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How To Avoid Double Taxation Of Your Small Business Profits

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Have you been thinking about incorporating your small business or self-employment activity? The advantages are many!

For starters, you’ll be protecting yourself and your family from the possibility of a business ending lawsuit. Forming a corporation is Step One on the path known as “Asset Protection” — you are moving from the world of unlimited liability to the world of limited liability.

(NOTE: For further insight into the legal advantages of incorporating, check out the article: “It Can Happen To You: Why Any Sole Proprietorship Is A Risky Business” at http://www.YouSaveOnTaxes.com/happen-to-you.html)

>From a tax standpoint, there are both advantages and disadvantages to incorporating. Yes, forming a corporation can either reduce your taxes or increase your taxes, depending on what type of corporation you create.

There are two main types of corporations: “C” Corporations and “S” Corporations — and which type you choose can make all the difference in the world of taxes.

NOTE: The question of “C” Corp vs. “S” Corp has no effect on the asset protection provided by your corporation. This is a tax issue, not a legal issue.

A “C” Corporation can lead you into a Tax Trap known as “double taxation”. Yes, income from a “C” Corporation can actually be taxed twice — once when it’s earned on the corporate level and again when it’s paid to you, the shareholder, in dividends.

There are several ways to avoid double taxation. Often the easiest way is to tell the IRS that you choose to be an “S” Corp instead of a “C” Corp. The profits of an “S” Corp are not taxable to the corporation; instead, those profits are reported directly on the shareholder’s personal income tax return and are therefore only taxed once.

And once is enough, don’t you think!

Of course, any article on Choice of Entity must contain the old disclaimer, “Consult your tax professional” — I am not prescribing a one-size-fits-all approach to this issue. But for many small biz owners and self-employed folks, the “S” Corporation is a good fit because it provides protection from personal liability and avoids the nasty tax trap of double taxation — two great benefits worth checking into.

Should you incoporate your sole proprietorship and then decide that the “S” Corporation is the right fit, you must inform the IRS that your corporation is choosing “S” Corporation status by filing Form 2553, which is, in effect, an application to become an “S” Corporation.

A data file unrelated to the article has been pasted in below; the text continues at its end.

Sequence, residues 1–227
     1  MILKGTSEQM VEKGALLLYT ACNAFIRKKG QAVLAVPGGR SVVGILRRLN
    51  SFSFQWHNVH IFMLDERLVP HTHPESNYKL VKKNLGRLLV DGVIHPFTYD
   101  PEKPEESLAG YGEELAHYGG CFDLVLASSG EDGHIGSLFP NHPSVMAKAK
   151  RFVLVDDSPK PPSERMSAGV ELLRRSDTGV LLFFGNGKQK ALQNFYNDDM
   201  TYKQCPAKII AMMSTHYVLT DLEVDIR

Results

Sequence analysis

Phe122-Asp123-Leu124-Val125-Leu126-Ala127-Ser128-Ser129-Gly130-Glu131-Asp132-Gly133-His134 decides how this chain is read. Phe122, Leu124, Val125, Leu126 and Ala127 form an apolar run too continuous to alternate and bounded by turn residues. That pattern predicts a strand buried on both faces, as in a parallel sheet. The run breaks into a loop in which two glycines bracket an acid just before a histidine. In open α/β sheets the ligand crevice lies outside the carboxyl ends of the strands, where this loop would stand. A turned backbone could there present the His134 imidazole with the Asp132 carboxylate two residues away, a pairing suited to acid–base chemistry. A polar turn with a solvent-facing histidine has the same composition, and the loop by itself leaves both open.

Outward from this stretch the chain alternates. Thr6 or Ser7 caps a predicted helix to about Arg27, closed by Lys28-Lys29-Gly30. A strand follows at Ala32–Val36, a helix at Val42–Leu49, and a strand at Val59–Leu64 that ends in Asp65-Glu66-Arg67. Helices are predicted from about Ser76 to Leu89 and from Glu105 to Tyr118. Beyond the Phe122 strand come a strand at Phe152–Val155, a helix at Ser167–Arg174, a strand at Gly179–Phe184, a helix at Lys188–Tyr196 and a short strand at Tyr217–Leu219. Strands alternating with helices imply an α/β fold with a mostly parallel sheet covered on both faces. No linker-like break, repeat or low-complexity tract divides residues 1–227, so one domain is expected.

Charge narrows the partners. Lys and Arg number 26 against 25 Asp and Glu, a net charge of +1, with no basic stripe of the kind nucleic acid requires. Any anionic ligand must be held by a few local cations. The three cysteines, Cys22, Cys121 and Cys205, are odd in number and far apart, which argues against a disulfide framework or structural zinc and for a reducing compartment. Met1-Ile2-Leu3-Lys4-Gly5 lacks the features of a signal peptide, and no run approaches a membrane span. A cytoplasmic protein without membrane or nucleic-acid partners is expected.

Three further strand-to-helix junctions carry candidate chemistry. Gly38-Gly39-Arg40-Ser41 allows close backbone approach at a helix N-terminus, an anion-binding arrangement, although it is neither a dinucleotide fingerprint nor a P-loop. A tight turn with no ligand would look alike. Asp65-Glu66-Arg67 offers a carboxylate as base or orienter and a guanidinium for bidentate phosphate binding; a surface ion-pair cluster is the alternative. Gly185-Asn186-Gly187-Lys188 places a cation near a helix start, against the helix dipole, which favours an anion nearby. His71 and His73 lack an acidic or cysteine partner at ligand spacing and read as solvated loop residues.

IMPORTANT:

If you incorporate and do not file Form 2553, you are automatically considered to be a “C” Corporation by the IRS. In other words, to be a “C” Corporation, you just incorporate; there is nothing you have to do to inform the IRS you want to be a “C” Corporation.

There are critical rules regarding how and when to file Form 2553, so be sure to read the instructions carefully, or check with your tax pro.

Failure to file Form 2553 on time or filing Form 2553 incorrectly results in a rejection of your corporation’s “S” Corp application, and the corporation is then by default treated as a “C” Corp, subject to double taxation, the very trap you were trying to avoid.

To download a copy of Form 2553, go to: http://www.irs.gov/pub/irs-pdf/f2553.pdf

The instructions for filing Form 2553 are found here: http://www.irs.gov/pub/irs-pdf/i2553.pdf

Wayne M. Davies is author of 3 tax-slashing
eBooks for small business owners and the self-employed. For a
free copy of Wayne’s 25-page report, “How To Instantly Double
Your Deductions” visit http://www.YouSaveOnTaxes.com

How To Avoid Double Taxation Of Your Small Business Profits
About Wayne M. Davies
Wayne M. Davies is author of 3 tax-slashing eBooks for small business owners and the self-employed. For a free copy of Wayne's 25-page report, "How To Instantly Double Your Deductions" visit http://www.YouSaveOnTaxes.com WebProNews Writer
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  • http://www.cdd-law.com/ CDD in Chicago

    I agree that a few ways for asset protection would be to setup offshore trust accounts, limited liability companies and other trust accounts designed to shield some or all of your assets from creditors in the event of a lawsuit against you.
    As an asset protection lawyer, he needs to established effective strategies to protect a client’s valuable business interests and assets. This technique is very different from tax or estate planning and bankruptcy. But to make it clear, there is no lawyer that can create a perfect strategy that will protect all your assets all the time. In other words, there is no